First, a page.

- The toddler is believed to be only the fifth human victim of Newcastle Disease
- The virus strain causes a raft of deadly symptoms like twisted necks in birds
An Australian toddler has died after catching an illness rife in pigeons.
Medics still don’t know how the two-year-old, who was battling leukaemia, caught the highly contagious virus.
But they think she might have got infected by touching pigeon faeces or fluids.
The girl, who wasn’t identified, is only the fifth human victim of Newcastle disease since records began in 1926.
Caused by avian paramyxovirus type 1 (APMV-1), the illness causes a raft of deadly neurological symptoms including twisted necks or trembling wings in birds.
Medics still don’t know how the two-year-old, who was battling leukaemia, caught the highly contagious virus. But they think she might have got infected by touching pigeon faeces or fluids. The girl, who wasn’t identified, is only the fifth human victim of Newcastle disease since records began in 1926
But it is uncommon among humans and typically only leads to conjunctivitis.
The toddler was admitted to the Prince of Wales Hospital in Randwick, New South Wales, after suffering cold-like symptoms, nausea and vomiting for three weeks.
She had completed her second cycle of chemo just six weeks earlier.
Medics said she had not recently travelled or come into contact with pets or sick family members.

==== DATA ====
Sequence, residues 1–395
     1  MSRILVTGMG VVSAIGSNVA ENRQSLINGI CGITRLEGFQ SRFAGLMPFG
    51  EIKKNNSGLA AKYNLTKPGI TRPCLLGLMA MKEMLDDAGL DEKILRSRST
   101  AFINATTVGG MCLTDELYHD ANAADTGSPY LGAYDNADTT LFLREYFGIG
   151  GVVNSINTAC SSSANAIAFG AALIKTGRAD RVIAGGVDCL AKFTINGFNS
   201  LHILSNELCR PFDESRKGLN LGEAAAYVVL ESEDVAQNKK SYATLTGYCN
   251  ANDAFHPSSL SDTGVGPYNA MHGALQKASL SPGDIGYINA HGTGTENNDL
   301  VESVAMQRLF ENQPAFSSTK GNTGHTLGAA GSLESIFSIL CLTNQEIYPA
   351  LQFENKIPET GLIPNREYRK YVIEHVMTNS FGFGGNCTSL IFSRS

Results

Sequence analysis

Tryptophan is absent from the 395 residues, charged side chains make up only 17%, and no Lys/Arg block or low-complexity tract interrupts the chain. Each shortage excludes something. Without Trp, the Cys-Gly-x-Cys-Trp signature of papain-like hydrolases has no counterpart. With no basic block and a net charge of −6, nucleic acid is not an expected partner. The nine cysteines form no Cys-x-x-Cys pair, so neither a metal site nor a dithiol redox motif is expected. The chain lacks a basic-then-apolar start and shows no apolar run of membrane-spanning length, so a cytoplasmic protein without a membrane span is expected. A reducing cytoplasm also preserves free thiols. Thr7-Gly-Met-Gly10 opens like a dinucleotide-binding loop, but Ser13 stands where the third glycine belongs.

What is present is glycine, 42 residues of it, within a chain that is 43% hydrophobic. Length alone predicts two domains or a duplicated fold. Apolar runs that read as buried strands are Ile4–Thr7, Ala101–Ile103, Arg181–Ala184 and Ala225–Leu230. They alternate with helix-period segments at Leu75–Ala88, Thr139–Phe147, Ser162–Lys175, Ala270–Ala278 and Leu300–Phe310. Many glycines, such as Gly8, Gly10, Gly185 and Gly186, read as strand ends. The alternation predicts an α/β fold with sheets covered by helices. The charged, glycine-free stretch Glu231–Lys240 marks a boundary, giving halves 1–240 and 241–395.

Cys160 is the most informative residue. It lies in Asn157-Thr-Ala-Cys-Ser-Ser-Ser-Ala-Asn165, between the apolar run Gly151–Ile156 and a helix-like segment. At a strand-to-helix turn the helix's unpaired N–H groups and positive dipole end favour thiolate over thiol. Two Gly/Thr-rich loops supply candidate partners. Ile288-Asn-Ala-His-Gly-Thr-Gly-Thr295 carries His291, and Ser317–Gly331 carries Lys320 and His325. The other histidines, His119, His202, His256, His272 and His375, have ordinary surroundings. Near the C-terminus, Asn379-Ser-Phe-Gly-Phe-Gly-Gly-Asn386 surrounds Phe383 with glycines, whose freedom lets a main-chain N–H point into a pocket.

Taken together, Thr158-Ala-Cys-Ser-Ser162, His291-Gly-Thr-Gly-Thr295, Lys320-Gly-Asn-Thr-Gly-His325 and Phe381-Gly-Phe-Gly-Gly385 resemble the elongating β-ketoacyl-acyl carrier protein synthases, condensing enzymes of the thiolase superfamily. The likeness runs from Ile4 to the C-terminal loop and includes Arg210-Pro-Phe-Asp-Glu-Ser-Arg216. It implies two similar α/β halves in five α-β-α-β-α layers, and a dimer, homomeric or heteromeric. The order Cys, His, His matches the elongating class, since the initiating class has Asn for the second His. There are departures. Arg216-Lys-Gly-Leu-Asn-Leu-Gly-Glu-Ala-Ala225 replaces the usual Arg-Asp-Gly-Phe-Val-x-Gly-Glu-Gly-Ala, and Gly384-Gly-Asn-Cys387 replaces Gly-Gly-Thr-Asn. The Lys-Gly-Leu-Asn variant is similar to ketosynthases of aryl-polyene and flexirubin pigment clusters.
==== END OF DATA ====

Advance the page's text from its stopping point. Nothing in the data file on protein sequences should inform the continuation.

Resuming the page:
Over the following four days, her condition deteriorated as she suffered a series of epileptic seizures.
MRI scan results did not raise anything of concern, while repeat test results for the cause of the virus also returned negative.
She was given antiviral drugs, antibiotics and anti-seizure medications to help treat brain swelling and reduce discomfort.
But her condition did not improve.
She died almost a month after being admitted after treatment failed to stop further brain tissue death.
Writing in the journal Emerging Infectious Diseases, medics claimed her death was ‘most likely caused by encephalitis’ following APMV-1 infection.
Tests showed it was similar to samples taken from pigeons previously.
‘Although no exposure was identified, it is likely the virus was transmitted inadvertently via direct contact with pigeon feces or infected fluids,’ they added.
The virus is known to spread in pigeon faeces and can be spread by windborne dust.
Newcastle disease — named after the city where it was first identified in 1926 — is one of the most common and highly contagious viruses spread among wild and domestic birds globally.
Infected pigeons can suffer dramatic weight loss, produce green droppings, are left walking in circles — often meaning they can’t fly — and are reluctant to move.
The first documented case of APMV-1 infection in humans was reported in 1942 in Australia.
Some 485 human cases have been reported globally, with more than half logged in the UK.
Until now, there have been four recorded human deaths, all caused by the APMV-1 strain, in the Netherlands, United States, China, and France.
This post first appeared on Daily mail